I read with interest Councillor Sebastian Fields views on the AV referendum in the Citizen last week. There are obviously a number of arguments being used for both systems, but fundamentally I think that the expense and work required in changing to a new system in the hope that it will revitalise politics is in essence, tinkering with the paintwork in a hope it gives you a new car.
I do not believe that AV gives any candidate any more mandate than the current system (First past the post, or FPTP). This is because with AV what you are getting is the candidate that over 50% of the voters object to least, rather than the candidate that voters want most.
One of the arguments for AV is that it will increase the mandate of the elected individual. I believe this argument is flawed because there is one fundamental problem we have and that is voter turnout. Turnout for elections, at best is around 60% and for local elections can be much lower. The AV promises to return a candidate with over 50% of the votes, but if there has only been 60% of the voters turn out, that candidate still only has a mandate of just over 30%. Using FPTP say a candidate gets elected on 40% of the vote, then that is 24% of the electorate. It is lower than AV, it is only 6% lower, so is it worth all the hassle?
I think its important to look at voter intention as well. Using FPTP then you know you have a candidate who has been elected because enough people have voted for that candidate and what they stand for. Under AV, there is a good chance that you will not get the candidate that the majority thought was the best candidate with their first vote, and are most likely to get the candidate who is “best of the rest”. I don’t think that in itself is a great mandate, and this is where it is misleading playing the numbers game of getting over 50% because they are not..
Will it change Tory, Labour or Liberal heartlands? Personally I don’t think it will any more or less than FPTP, because fundamentally if most of the voters are Tory voters, then they will vote blue as their first choice. And actually, what a travesty it would be if an area is full of people who vote Labour and they get a Liberal Democrat Candidate who was the next best option, would that be representative?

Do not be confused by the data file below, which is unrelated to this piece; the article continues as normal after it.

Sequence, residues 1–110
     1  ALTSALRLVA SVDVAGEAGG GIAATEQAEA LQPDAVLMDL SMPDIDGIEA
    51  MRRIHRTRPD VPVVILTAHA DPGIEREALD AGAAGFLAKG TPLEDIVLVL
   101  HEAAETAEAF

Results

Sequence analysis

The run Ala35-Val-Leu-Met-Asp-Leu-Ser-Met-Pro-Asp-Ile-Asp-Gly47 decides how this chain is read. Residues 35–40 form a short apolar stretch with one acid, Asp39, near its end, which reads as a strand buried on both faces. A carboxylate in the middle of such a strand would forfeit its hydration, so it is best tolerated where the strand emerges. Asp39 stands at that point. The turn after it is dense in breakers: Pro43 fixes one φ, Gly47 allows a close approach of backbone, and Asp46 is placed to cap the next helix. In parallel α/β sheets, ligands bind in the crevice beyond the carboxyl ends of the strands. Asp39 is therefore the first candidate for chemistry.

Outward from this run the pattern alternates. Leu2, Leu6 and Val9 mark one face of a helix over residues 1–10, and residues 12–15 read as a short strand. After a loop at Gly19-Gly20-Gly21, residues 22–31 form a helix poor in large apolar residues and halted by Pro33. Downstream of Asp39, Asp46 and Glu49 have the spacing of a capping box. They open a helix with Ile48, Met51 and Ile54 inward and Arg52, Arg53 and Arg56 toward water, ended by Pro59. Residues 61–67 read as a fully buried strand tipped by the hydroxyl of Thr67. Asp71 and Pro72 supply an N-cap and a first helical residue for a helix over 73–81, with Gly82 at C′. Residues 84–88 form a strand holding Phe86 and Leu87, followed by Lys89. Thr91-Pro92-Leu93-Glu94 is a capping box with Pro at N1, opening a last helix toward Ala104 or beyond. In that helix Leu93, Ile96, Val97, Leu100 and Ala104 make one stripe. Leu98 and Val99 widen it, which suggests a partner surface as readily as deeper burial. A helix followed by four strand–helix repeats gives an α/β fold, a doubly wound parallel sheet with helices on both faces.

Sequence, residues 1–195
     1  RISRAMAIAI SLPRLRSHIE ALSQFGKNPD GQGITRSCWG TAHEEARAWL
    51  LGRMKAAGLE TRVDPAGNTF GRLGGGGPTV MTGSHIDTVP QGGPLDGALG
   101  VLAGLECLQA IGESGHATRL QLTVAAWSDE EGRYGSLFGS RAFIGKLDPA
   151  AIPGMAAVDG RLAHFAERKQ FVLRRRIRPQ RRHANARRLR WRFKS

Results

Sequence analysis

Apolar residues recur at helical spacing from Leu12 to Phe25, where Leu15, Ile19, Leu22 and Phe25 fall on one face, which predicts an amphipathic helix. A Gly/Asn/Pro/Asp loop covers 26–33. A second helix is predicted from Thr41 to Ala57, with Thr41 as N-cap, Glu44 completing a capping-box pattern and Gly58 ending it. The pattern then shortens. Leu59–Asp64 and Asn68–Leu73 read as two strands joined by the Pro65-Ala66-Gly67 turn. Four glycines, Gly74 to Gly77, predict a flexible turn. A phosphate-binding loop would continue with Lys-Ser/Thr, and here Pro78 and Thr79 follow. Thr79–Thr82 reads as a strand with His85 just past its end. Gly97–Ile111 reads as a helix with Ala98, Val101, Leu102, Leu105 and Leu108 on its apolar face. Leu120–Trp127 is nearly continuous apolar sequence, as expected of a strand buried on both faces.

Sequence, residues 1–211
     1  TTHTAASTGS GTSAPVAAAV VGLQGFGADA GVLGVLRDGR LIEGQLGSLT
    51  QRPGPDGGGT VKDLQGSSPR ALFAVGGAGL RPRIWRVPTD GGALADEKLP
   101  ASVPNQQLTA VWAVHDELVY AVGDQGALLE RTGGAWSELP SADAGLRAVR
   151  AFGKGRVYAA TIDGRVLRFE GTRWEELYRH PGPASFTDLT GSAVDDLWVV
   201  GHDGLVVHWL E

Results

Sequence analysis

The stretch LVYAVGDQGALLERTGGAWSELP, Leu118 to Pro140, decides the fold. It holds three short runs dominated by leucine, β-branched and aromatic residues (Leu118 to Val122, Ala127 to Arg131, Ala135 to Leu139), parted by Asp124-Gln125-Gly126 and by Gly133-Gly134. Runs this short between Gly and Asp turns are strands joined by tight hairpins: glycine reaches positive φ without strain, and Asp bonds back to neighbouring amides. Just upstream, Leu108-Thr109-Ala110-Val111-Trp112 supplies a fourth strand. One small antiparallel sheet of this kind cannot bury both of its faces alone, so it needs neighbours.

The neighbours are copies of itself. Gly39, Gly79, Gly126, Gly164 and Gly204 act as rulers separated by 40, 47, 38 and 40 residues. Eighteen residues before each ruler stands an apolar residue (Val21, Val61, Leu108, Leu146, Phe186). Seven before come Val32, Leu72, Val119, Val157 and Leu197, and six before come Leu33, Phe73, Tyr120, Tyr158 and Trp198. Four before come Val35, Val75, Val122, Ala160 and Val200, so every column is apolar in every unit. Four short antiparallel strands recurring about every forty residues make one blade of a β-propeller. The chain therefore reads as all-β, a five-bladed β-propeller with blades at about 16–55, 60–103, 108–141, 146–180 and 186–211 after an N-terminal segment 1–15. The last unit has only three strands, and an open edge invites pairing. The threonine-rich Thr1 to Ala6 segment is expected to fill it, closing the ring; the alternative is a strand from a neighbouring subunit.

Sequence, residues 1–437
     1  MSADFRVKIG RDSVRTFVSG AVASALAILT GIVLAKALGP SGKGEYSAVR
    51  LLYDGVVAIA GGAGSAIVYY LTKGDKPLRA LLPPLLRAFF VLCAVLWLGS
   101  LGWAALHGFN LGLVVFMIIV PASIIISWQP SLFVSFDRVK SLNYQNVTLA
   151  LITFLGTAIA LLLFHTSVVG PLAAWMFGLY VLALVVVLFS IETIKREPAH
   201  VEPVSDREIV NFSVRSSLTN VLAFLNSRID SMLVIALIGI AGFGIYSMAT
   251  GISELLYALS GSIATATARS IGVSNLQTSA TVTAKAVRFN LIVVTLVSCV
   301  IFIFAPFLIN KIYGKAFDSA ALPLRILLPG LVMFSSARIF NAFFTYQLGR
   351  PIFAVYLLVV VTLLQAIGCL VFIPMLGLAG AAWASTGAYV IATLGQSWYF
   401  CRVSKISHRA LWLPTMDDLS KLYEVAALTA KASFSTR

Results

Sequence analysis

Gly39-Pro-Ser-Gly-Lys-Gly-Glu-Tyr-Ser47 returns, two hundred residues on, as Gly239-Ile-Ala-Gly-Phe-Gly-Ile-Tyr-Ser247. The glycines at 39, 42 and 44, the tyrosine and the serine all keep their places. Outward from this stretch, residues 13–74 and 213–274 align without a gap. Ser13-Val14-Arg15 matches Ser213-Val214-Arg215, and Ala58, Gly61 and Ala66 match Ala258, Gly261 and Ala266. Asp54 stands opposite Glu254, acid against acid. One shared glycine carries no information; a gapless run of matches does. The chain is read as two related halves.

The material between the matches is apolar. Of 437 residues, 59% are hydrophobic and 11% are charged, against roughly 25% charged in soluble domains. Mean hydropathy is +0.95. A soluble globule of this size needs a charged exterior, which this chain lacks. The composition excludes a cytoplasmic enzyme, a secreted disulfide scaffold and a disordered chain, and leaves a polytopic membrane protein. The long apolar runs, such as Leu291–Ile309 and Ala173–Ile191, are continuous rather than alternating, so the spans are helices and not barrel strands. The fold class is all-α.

Will AV hold the elected members to account? I don’t believe it will hold them to account any more than FPTP. Using Gloucester as the example, enough people were turned off the Labour Party that they voted accordingly and protest voted with the Lib Dems or Tories and we lost a great local MP because of national issues. Therefore, we have personal experience that it can happen and is effective.
Both the Labour Party and the Liberal Democrats use AV internally, but I do thing there is subtle, yet fundamental difference between an internal party vote and an external election. An internal Party Election, while being adversarial, has a fundamental common core of all members and candidates wanting to do better for the good of the party, where as a local/national election each candidate/party is out to win at all costs.
From a logistical perspective, I can see the election itself being a nightmare. Not too bad if only 3 or 4 candidates stand, but if there is a lot more, then keeping track of ballot papers in an open manner, moving them to the next preference voter and towards the end a candidate not being happy and requesting a total recount will be mayhem. I remember seeing one of the Lib Dem elections recently where Councillor Jeremy Hilton took part and there were 25 rounds. Imagine the potential confusion.
AV is not some magic wand that will change politics for the good. It will not solve the biggest problem we have and that is voter apathy. We need to engage the electorate to come out and vote for every election, no matter how minor. Given the number of protest marches, both locally and nationally, the best way to protest is at the ballot box when the opportunity arises. Unfortunately many people feel so remote from the political world that they do not exercise their democratic right. This voter apathy will not be solved by changing the voting system but it is the problem we need to solve.
So, I think this is the sledgehammer that is trying to crack the wrong nut. I will be voting No to AV on May 5th and I would encourage you to read up on both systems and see what you think, but in the cold light of day, AV does not solve the problems that need to be solved.